FLYING THE FRIENDLY SKIES?
How the latest chapter in Carlos Correa ordeal could've been solved at an airport
In less than one year, Carlos Correa has gone from being the coveted linchpin of one of the greatest infields in baseball history and a World Series champion to being regarded as damaged goods and playing in relative obscurity for a losing team in a secondary sports market.
This despite having one of the best seasons of his career in 2022.
How on Earth did that happen?
Last March, Correa turned down a five-year, $160 million offer from the Astros, the only team he had played for during his seven-year career. The Astros play in air-conditioned comfort in front of an average crowd of 33,000 adoring fans in Top 10 market Houston.
Instead he signed a three-year deal with the Minnesota Twins for $105 million with opt-outs after each year, which he exercised shortly after the 2022 season ended.
The Twins play in an outdoor stadium in the coldest climate in the Major Leagues. Their average attendance last year was 22,000 fans. Minneapolis-St. Paul is a Top 20 market and not nearly as diverse as Houston.
Despite Correa hitting .291 (well above his career average) with 22 homers, the Twins finished 2022 with a 78-84 record, out of the playoffs. The Astros, in case you haven’t been keeping up with the news, won the World Series with Correa’s replacement, rookie Jeremy Pena, becoming a fan favorite in Houston.
Back on the market for 2023, Correa received a mammoth 13-year, $350 million offer from the San Francisco Giants shortly before Christmas. That offer was rescinded after the Giants found an undisclosed (at the time) problem during Correa’s routine physical.
That’s when the New York Mets swooped in with a 12-year, $315 million offer. But the Mets also backed out over health concerns.
On Wednesday Correa finally re-upped with the Twins, this time for a six-year deal for $200 million. His value plummeted six years and $150 million in one month. Tesla stockholders said, hey, we feel your pain.
That’s three separate deals over one month and each time Correa’s price was marked down. That’s not baseball. That’s Nordstrom Rack.
The problem and cause of Correa’s descending value is his surgically repaired right ankle. In 2014, then a 19-year-old sensation, Correa suffered an ankle injury sliding into third base. He had surgery, which included the insertion of a metal plate in his leg. He went on to a productive, at times spectacular, tenure with the Astros.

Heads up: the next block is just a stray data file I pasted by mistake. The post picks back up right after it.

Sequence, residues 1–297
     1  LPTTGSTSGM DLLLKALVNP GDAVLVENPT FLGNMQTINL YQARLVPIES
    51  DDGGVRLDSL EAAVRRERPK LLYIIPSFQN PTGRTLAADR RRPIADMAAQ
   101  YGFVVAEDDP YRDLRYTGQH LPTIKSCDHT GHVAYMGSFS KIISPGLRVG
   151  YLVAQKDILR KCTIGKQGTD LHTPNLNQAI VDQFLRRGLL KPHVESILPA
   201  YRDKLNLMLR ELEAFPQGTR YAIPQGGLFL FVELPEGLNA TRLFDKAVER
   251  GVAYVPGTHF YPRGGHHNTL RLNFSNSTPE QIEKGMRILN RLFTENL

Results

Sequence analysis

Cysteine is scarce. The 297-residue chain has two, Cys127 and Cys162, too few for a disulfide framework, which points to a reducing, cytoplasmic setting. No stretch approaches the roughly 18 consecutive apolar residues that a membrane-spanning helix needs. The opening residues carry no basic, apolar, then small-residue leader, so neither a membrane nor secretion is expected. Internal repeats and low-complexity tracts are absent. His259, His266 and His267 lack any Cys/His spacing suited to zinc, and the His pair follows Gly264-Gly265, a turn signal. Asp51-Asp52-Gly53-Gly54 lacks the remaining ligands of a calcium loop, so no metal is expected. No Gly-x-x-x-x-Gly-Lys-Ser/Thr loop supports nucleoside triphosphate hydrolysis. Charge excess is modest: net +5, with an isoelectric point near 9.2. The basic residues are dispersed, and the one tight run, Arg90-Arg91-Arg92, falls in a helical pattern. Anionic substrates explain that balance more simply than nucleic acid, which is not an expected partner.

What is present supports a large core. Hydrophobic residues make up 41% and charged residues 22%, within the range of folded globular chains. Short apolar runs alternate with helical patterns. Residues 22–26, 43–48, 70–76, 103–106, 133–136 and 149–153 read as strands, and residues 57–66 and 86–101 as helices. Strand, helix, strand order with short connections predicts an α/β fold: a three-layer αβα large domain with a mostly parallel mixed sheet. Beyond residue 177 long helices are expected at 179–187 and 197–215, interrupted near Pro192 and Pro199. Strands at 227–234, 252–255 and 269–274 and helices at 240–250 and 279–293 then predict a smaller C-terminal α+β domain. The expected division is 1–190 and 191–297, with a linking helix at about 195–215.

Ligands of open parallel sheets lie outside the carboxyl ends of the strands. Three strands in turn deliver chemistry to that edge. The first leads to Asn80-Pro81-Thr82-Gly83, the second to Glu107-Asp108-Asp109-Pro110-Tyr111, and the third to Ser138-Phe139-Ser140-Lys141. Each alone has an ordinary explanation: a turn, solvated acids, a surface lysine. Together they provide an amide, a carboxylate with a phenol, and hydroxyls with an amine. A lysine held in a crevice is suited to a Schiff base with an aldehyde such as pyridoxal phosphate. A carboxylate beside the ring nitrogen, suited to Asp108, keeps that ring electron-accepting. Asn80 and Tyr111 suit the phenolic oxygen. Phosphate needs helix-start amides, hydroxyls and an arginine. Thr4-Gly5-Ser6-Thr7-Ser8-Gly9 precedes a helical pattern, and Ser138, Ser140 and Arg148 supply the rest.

Here’s the part of the story that I find most interesting. How wasn’t it well known that Correa has been playing all this time with a metal plate in his leg? That didn’t become widespread knowledge until last year when he slid hard into second base and felt numbness and vibrations in his leg. After the game he told reporters about the metal plate.
That was the first I heard about it. And this is a culture where nothing is private and every excruciating detail about an athlete’s physical and mental health is fair game in the media.
I have a friend who’s in my travel group. He had hip resurfacing surgery a few years ago, which involved placing a metal cap over a bone in his hip joint. Now when he passes through TSA security at the airport, he sets off the metal detector every time. It never fails. Then he is patted down and felt up by TSA agents.
I’m not saying that Correa kept his metal plate a secret. I’m saying fans didn’t know about it.
Correa is a big deal. He flies a lot, with his team, on business, for promotional appearances, on personal trips. Teammates, including former teammates (especially one) who may hold a grudge against the Astros, never let it slip that Correa has a metal plate in his leg? Fellow travelers at the airport never heard the metal detector go beep?
I asked a friend who flies with a professional sports team, do players go through airport security, including a metal detector, like the rest of us?
I was surprised, the answer is no. I’m not sure how I feel about that.
“We have a private terminal with private parking at the airport. There is security, but they only pat down a small number of us at random. We don’t go through the typical metal detector that regular travelers do,” he said.
I also asked someone who travels with a major college football team. Same thing.
“We get on a bus together on campus and go straight to the plane. When we land, we get on another bus that takes us to our hotel. ESPN will show the team getting off the bus at a stadium or hotel. That’s the bus that meets us at the plane. You’re asking if the players and coaches and school officials go through a metal detector. We don’t.”